High-way
Police arrested a 22-year-old Middle Island man in Centereach on April 1 for operating a motor vehicle while impaired by drugs. The man was heading eastbound on Route 25 in a 2003 Chrysler when police pulled him over by Wood Road for driving at an excessive speed, and observed he was under the influence.

Soda and sun
A 22-year-old Sound Beach woman and a 30-year-old Miller Place man were arrested in Selden on April 2 for stealing a pair of sunglasses and soda from a Walgreens on Middle Country Road.

Pestering phone calls
Someone reported an incident of aggravated harassment at North Suffolk Cardiology on Research Way in East Setauket on April 3 at 9:23 a.m. Police said the complainant reported a caller making harassing statements on a personal cellphone.

Makeup, wallet stolen
Someone stole a wallet and makeup from Kohl’s on Nesconset Highway in East Setauket on April 3 at about 3:34 p.m.

Harassment
A man told police he was receiving harassing phone calls on Millie Lane in East Setauket on April 3 around 4:20 p.m.

Cards swiped
Someone entered an unlocked 2005 Chevrolet parked at a home on Rack Lane, East Setauket and stole a Visa card and a Home Depot card. The incident was reported on April 2 at 11 p.m.

Hug it out
Someone claimed they were punched and shoved, but police said the individuals involved know each another and no arrest was made. The incident occurred on Christian Avenue, Setauket at 3 a.m. on March 30.

Money grab
An unknown person entered an unlocked 2011 Chevy Tahoe parked on Cabin Lane in East Setauket on March 30 at 8:16 a.m. and took money.

Hole in one
Someone entered Sports Authority on Nesconset Highway in Stony Brook and took golf clubs without paying for them. The incident occurred on March 31 at about 1:40 p.m.

It wasn’t me
A 23-year-old man from Central Islip was arrested in Smithtown at the 4th Precinct on April 2 and charged with aggravated unlicensed operation of a motor vehicle and false information. Police said that the man told officers the driver of a motor vehicle fled the scene of an accident after crashing a 2004 Cadillac into a pole on March 28 at about 4:05 a.m. at the corner of Smithtown Boulevard and Old Nichol’s Road, when in fact he was the driver.

April foolery
A 37-year-old woman was arrested at the 4th Precinct in Smithtown on April 1 and charged with second-degree obstructing governmental administration and second-degree harassment. Police said the incident occurred at the precinct. The woman refused to comply when ordered out of a holding cell after being arrested in Shirley and charged with operating a motor vehicle impaired by drugs. Then while being assisted out of the holding cell, the woman grabbed and scratched a Suffolk County Police Department employee’s arms.

Sloppy driving
A 19-year-old man from Holbrook was arrested in Nesconset on April 2 and charged with driving while ability impaired by drugs and alcohol. Police said he was driving on Smithtown Boulevard in a 1999 Toyota when he was observed swerving from his travel lane and crossed over into the shoulder. He was arrested at the scene at about 2:30 a.m.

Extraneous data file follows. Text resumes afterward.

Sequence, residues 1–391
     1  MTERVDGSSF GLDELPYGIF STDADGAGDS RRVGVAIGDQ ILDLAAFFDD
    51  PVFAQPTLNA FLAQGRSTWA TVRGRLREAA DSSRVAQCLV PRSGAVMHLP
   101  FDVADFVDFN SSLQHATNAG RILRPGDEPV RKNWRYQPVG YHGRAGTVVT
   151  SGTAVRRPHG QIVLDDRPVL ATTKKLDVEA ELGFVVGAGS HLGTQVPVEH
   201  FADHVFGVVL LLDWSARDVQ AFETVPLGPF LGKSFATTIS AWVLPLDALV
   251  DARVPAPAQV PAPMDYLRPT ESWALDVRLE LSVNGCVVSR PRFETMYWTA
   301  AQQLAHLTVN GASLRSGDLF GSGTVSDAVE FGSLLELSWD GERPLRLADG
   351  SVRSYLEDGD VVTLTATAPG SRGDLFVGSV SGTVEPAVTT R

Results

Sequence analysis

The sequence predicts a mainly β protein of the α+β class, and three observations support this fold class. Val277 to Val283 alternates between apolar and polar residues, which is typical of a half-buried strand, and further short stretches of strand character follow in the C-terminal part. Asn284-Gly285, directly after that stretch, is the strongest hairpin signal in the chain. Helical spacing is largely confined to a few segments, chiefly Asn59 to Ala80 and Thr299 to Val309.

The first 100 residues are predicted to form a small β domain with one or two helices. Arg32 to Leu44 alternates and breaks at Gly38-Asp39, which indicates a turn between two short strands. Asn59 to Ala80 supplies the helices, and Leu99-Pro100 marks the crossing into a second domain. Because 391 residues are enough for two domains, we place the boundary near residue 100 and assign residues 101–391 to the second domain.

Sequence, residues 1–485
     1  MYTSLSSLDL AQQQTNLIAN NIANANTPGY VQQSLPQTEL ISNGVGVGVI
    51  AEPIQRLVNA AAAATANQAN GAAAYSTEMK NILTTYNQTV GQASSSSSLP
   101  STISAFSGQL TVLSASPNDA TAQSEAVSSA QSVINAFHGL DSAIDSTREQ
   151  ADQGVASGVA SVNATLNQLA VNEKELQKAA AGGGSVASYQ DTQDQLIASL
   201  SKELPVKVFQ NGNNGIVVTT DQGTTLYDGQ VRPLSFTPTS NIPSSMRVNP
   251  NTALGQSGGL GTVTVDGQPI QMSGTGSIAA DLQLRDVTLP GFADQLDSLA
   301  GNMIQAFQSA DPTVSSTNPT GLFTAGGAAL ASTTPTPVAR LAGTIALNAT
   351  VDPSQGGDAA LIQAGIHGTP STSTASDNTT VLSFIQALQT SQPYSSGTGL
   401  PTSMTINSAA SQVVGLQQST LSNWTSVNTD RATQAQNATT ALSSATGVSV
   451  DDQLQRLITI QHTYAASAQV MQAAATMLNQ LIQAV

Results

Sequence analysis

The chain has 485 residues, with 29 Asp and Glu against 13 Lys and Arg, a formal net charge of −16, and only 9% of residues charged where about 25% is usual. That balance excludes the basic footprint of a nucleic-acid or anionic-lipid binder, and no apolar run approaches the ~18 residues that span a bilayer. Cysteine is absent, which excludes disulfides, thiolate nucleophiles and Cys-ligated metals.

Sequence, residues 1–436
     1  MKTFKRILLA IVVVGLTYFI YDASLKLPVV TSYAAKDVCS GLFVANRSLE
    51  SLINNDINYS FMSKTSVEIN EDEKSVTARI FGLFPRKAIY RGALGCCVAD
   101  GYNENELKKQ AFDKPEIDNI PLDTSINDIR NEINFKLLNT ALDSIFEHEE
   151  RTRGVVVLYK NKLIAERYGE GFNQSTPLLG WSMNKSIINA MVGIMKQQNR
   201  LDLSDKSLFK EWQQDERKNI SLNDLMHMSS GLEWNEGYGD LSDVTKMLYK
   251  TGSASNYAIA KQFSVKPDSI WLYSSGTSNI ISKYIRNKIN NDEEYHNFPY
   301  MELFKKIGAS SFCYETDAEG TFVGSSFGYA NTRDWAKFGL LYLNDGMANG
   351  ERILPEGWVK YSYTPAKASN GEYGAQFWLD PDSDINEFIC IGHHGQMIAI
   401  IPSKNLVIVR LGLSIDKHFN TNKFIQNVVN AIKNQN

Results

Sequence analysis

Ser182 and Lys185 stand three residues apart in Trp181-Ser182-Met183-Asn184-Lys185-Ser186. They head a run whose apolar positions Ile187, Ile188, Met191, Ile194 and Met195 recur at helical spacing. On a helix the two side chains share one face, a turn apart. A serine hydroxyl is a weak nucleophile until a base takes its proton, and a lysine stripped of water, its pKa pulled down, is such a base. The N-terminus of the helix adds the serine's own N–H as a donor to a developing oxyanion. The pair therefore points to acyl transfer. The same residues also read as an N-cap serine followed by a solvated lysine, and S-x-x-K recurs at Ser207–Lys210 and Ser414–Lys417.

Jewelry thief nabbed
Police said a 24-year-old woman from Islip was arrested on April 1 and charged with fourth-degree grand larceny of property valued at more than $1,000. Police said the woman stole jewelry from a Lawrence Drive location in Nesconset sometime between Oct. 8 and Nov. 17. She was arrested on Lawrence Drive at about 3 p.m.

Faker caught
A 17-year-old male from Brentwood was arrested in Smithtown and charged with false personation. Police said that on March 27 in Commack on Jericho Turnpike at 2 p.m. he made a police report using someone else’s name, using a fake picture identification and continued to identify himself as someone else. He was also charged with falsely writing a statement.

Bad reality check
A 51-year-old man from St. James was arrested at his home on Hill Road in St. James on April 5 and charged with second-degree possession of a forged instrument. Police said he possessed a forged instrument — a Chase bank check — that he made payable to himself.

Injeanious
A 27-year-old man from Great River was arrested in Smithtown at the 4th Precinct and charged with petit larceny on April 3 at about 9:30 a.m. Police said he took jeans from Kohl’s on March 18 at about 5:32 p.m.

Street fight
A man told police he was punched several times by another person on Main Street in Huntington at about 2 a.m. on April 4. The two are not looking to file charges, police said.

Seating squabble
Two people got into a dispute about a seating area at Starbucks on Wall Street in Huntington at 9 p.m. on April 4, and one person punched the other. The two customers refused medical attention, cops said.

KO
Someone punched another person in the face at a store on East Main Street on April 1 in Huntington at about 1:53 a.m. The person refused medical treatment and refused to press charges.

On second thought
An unknown person kicked in the door of a Soundview Road home on April 1 at about 6:30 p.m. in Huntington, but fled when someone inside the house yelled. The person didn’t get inside.

Above, Kim Plaspohl fires a pitch from the mound. Photo by Bill Landon

By Bill Landon

Both teams stranded runners on base after several innings, but the Smithtown West softball team left fewer players stranded, to pull out a 4-0 victory over visiting Newfield on a cold, dreary Tuesday afternoon in a League II matchup.

Newfield senior Jennifer Sarcone struck first with a deep shot to left center for a standup double but was stranded at the bottom of the first.

Danielle Balsamo reached for the ball but not in time to make the out. Photo by Bill Landon
Danielle Balsamo reached for the ball but not in time to make the out. Photo by Bill Landon

Smithtown West sophomore Tara Killeen drove in senior Kassie Furr on a sacrifice fly to give her team a 1-0 lead to start the second inning, and the duo did it again in the top of the third when Killeen smacked a fly ball to right field to drive in Furr to take a two-run advantage.